News | Breast Imaging | July 08, 2020
July 8, 2020 — Hologic, Inc. announced he U.S.
Fujifilm’s Sonosite SII POC ultrasound system helps to keep crowded areas clearer with a small ultrasound footprint.

Fujifilm’s Sonosite SII POC ultrasound system helps to keep crowded areas clearer with a small ultrasound footprint.

Feature | Ultrasound Imaging | July 07, 2020 | By Joan Toth
With the miniaturization of technology, improved ease of use, lower system cost, increased portability and greater ac
A 3-D ultrasound system provides an effective, noninvasive way to estimate blood flow that retains its accuracy across different equipment, operators and facilities, according to a study published in the journal Radiology.

Volume flow as a function of color flow gain (at a single testing site). For each row the color flow c-plane and the computed volume flow are shown as a function of color flow gain. The c-plane is shown for four representative gain levels, whereas the computed volume flow is shown for 12–17 steps across the available gain settings. Flow was computed with (solid circles on the graphs) and without (hollow circles on the graphs) partial volume correction. Partial volume correction accounts for pixels that are only partially inside the lumen. Therefore, high gain (ie, blooming) does not result in overestimation of flow. Systems 1 and 2 converge to true flow after the lumen is filled with color pixel. System 3 is nearly constant regarding gain and underestimates the flow by approximately 17%. Shown are mean flow estimated from 20 volumes, and the error bars show standard deviation. Image courtesy of the journal Radiology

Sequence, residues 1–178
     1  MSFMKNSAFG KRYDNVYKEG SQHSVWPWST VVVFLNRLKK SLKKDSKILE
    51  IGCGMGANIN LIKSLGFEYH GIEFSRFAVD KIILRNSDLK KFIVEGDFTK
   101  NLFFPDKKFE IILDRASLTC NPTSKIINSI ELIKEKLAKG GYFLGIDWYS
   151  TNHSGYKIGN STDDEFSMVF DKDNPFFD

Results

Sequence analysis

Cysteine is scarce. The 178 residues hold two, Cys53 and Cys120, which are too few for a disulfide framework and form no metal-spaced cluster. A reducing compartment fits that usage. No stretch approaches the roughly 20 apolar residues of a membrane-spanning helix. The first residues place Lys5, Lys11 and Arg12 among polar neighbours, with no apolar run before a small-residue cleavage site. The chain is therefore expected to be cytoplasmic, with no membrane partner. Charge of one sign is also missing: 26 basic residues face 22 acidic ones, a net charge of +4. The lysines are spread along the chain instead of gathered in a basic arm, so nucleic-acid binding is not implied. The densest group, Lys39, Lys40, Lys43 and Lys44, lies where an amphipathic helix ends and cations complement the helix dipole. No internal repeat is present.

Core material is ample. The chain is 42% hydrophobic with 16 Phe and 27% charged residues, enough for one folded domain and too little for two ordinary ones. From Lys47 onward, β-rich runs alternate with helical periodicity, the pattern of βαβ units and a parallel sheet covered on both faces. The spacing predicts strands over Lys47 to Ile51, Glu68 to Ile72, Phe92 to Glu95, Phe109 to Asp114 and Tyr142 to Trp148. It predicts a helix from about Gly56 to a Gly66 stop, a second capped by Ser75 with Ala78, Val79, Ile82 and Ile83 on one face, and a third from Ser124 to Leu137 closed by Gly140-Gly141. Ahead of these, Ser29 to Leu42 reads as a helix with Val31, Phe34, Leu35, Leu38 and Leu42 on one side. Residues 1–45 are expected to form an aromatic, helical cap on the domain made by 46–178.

News | Ultrasound Imaging | July 01, 2020
July 1, 2020 — A 3-D ultrasound
In new QuickPoLL survey on imaging during the pandemic, responses were tallied from around 170 radiology administrators and business managers, who are part of an imagePRO panel created by The MarkeTech Group (TMTG), regarding the effects of COVID-19 on their business. TMTG is a research firm specializing in the medical device, healthcare and pharmaceutical industries.
Feature | Coronavirus (COVID-19) | June 30, 2020 | By Melinda Taschetta-Millane
Cardiac MR can offer data above and beyond anatomical imaging, which is the main reason why this system was installed at Baylor Scott White Heart Hospital in Dallas. The system is a dedicated heart MRI scanner.

Cardiac MR can offer data above and beyond anatomical imaging, which is the main reason why this system was installed at Baylor Scott White Heart Hospital in Dallas. The system is a dedicated heart MRI scanner.

News | Pediatric Imaging | June 29, 2020
June 29, 2020 — A type of smart magnetic r...
Diffusion tractography uses the movement of water molecules to identify tracts that connect different parts of the brain. It can be used to pinpoint the part of the thalamus to treat with focused ultrasound. Image courtesy of UT Southwestern Medical Center

Diffusion tractography uses the movement of water molecules to identify tracts that connect different parts of the brain. It can be used to pinpoint the part of the thalamus to treat with focused ultrasound. Image courtesy of UT Southwestern Medical Center

News | Magnetic Resonance Imaging (MRI) | June 15, 2020
June 15, 2020 — Recently developed magneti...